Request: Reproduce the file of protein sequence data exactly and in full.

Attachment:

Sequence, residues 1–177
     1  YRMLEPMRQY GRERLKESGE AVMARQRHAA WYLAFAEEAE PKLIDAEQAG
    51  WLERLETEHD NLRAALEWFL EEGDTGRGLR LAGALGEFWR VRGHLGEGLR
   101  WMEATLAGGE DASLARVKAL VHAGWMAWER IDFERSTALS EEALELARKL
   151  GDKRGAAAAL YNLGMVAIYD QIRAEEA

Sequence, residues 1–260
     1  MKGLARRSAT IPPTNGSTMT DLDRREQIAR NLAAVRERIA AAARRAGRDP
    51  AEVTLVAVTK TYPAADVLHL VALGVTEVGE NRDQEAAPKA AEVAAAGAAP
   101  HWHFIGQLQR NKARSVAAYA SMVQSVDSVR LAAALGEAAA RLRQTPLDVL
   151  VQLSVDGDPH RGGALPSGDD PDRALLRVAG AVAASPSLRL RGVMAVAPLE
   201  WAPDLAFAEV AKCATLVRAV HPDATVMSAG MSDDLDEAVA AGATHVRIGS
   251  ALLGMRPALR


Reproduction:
Sequence, residues 1–177
     1  YRMLEPMRQY GRERLKESGE AVMARQRHAA WYLAFAEEAE PKLIDAEQAG
    51  WLERLETEHD NLRAALEWFL EEGDTGRGLR LAGALGEFWR VRGHLGEGLR
   101  WMEATLAGGE DASLARVKAL VHAGWMAWER IDFERSTALS EEALELARKL
   151  GDKRGAAAAL YNLGMVAIYD QIRAEEA

Sequence, residues 1–260
     1  MKGLARRSAT IPPTNGSTMT DLDRREQIAR NLAAVRERIA AAARRAGRDP
    51  AEVTLVAVTK TYPAADVLHL VALGVTEVGE NRDQEAAPKA AEVAAAGAAP
   101  HWHFIGQLQR NKARSVAAYA SMVQSVDSVR LAAALGEAAA RLRQTPLDVL
   151  VQLSVDGDPH RGGALPSGDD PDRALLRVAG AVAASPSLRL RGVMAVAPLE
   201  WAPDLAFAEV AKCATLVRAV HPDATVMSAG MSDDLDEAVA AGATHVRIGS
   251  ALLGMRPALR